In Baghdad, an overall decrease in sectarian violence is due in part to intensified Iraqi and Coalition operations focused on population security. An apparent decision earlier this year by the Jaysh al-Mahdi (JAM) militia to largely stand down its operations appeared to have a temporary effect, but a breakdown in Muqtada al Sadr’s ability to control JAM — or elements thereof — coinciding with the return of JAM fighters from Iran after receiving training in combat and explosives has spawned a recent increase in attacks on Coalition and Iraqi forces. Iran continues to train, fund, and equip extremist groups, both Shi’a and Sunni, that attack Iraqi and Coalition forces in and around Baghdad and the provinces in southern Iraq. JAM “secret cells” are a major recipient of that assistance — and are responsible for some of the most sophisticated attacks on Iraqi and Coalition Forces. As stated in the President’s January 10, 2007, speech announcing the New Way Forward: “We will interrupt the flow of support from Iran. And we will seek out and destroy the networks providing advanced weaponry and training to our enemies in Iraq.” Operations against these networks are ongoing and will continue.
In Anbar province, the local population is turning against AQI and seeking support from the Coalition. At the same time, U.S. military operations and cooperation with local tribal leaders have created openings for local political compromise and more effective civilian assistance. To reinforce these early signs of success, the President ordered additional U.S. military and civilian resources to Anbar. The trends have remained positive. The provincial government — for the first time in a year — is now able to meet in the province and recently approved a comprehensive provincial budget that appropriates virtually all of its $107 million allocation for capital expenditures. Attack levels have reached a 2-year low and some families that had fled Anbar are beginning to return. These developments have been noted in other primarily Sunni areas of Iraq, such as Salah ad-Din province, and areas around Baquba, in Diyala province, where efforts are underway to build on the Anbar experience.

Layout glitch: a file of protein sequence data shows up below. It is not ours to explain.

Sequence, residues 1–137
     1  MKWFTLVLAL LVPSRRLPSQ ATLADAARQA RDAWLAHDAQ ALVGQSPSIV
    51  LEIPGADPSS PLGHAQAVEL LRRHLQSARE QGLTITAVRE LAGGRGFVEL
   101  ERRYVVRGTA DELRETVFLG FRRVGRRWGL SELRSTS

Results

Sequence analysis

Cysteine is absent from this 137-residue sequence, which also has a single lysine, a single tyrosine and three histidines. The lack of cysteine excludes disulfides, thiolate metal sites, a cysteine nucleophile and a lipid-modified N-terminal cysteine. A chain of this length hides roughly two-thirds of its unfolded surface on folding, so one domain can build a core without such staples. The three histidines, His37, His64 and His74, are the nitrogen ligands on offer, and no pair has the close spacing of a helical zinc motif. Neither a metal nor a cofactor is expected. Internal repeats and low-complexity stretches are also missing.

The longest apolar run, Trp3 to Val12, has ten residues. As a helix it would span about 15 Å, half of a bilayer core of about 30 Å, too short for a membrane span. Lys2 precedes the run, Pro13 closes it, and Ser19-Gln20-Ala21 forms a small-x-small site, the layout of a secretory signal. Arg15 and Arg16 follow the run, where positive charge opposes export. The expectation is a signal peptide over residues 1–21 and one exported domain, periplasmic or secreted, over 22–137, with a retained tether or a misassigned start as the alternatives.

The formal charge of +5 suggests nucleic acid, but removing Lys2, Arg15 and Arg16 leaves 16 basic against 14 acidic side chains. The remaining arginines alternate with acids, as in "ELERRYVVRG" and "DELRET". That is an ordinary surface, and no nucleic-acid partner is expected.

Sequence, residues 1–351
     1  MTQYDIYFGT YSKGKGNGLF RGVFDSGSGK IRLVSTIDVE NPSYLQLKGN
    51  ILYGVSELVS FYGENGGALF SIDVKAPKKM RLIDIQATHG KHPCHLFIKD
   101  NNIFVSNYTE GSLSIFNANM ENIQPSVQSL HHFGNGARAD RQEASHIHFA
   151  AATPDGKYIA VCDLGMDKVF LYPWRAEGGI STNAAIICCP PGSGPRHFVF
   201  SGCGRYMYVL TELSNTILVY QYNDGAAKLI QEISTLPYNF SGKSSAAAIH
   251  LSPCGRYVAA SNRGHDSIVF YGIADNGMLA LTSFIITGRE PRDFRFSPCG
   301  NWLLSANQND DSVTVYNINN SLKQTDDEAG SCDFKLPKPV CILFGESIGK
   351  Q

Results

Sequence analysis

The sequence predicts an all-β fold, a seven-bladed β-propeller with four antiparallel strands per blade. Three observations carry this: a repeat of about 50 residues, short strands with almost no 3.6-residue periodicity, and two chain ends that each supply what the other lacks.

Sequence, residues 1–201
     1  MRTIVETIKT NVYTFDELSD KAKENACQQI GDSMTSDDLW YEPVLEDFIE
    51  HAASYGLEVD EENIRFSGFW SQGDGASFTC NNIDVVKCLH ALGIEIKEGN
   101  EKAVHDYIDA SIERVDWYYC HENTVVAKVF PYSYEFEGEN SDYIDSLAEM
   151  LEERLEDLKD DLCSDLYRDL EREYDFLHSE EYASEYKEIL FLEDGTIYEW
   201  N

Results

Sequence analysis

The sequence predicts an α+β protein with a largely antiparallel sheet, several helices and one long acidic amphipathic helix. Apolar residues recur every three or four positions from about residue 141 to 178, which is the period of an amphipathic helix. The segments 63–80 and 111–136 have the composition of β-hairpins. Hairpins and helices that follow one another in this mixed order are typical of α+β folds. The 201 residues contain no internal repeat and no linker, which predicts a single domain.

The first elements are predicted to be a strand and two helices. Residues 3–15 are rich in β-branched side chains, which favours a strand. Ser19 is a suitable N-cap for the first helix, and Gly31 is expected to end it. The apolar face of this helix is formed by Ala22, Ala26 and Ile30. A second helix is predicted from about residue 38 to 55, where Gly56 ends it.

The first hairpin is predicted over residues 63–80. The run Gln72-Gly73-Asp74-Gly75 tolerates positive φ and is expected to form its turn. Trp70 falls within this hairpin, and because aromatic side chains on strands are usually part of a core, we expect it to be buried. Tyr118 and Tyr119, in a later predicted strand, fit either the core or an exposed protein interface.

The ISF continues to show slow progress. ISF capability is increasing, but further ISF proficiency, improved logistics, and expanded forces are needed in order to assume more responsibility from Coalition Forces. Comprehensive data and statistics on the ISF — including its projected growth — can be found in the report Measuring Stability and Security in Iraq, submitted quarterly to Congress by the Department of Defense, pursuant to Section 9010 of the Department of Defense Appropriations Act, 2007 (Public Law 109-289). It should be noted that Iraqi Security Forces bear the brunt of attacks from insurgents and terrorists. Despite casualty rates two to three times that of Coalition Forces, Iraqi Security Forces continue to fight bravely for their country.